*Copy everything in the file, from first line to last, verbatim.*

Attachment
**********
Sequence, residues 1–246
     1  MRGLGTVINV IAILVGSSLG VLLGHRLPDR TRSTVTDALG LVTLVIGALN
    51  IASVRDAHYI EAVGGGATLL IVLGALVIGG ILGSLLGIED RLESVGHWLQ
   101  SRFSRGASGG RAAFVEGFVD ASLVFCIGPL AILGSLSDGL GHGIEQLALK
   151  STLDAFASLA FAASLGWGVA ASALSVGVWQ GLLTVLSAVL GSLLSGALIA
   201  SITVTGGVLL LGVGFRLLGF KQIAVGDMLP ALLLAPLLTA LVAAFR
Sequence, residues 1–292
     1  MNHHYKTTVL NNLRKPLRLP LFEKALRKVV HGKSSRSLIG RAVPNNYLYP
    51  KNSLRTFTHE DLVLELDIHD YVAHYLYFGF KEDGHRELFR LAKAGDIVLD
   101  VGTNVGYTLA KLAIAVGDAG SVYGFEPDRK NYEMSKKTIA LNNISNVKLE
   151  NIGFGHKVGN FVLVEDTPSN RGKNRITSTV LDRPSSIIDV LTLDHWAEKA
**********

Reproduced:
Sequence, residues 1–246
     1  MRGLGTVINV IAILVGSSLG VLLGHRLPDR TRSTVTDALG LVTLVIGALN
    51  IASVRDAHYI EAVGGGATLL IVLGALVIGG ILGSLLGIED RLESVGHWLQ
   101  SRFSRGASGG RAAFVEGFVD ASLVFCIGPL AILGSLSDGL GHGIEQLALK
   151  STLDAFASLA FAASLGWGVA ASALSVGVWQ GLLTVLSAVL GSLLSGALIA
   201  SITVTGGVLL LGVGFRLLGF KQIAVGDMLP ALLLAPLLTA LVAAFR
Sequence, residues 1–292
     1  MNHHYKTTVL NNLRKPLRLP LFEKALRKVV HGKSSRSLIG RAVPNNYLYP
    51  KNSLRTFTHE DLVLELDIHD YVAHYLYFGF KEDGHRELFR LAKAGDIVLD
   101  VGTNVGYTLA KLAIAVGDAG SVYGFEPDRK NYEMSKKTIA LNNISNVKLE
   151  NIGFGHKVGN FVLVEDTPSN RGKNRITSTV LDRPSSIIDV LTLDHWAEKA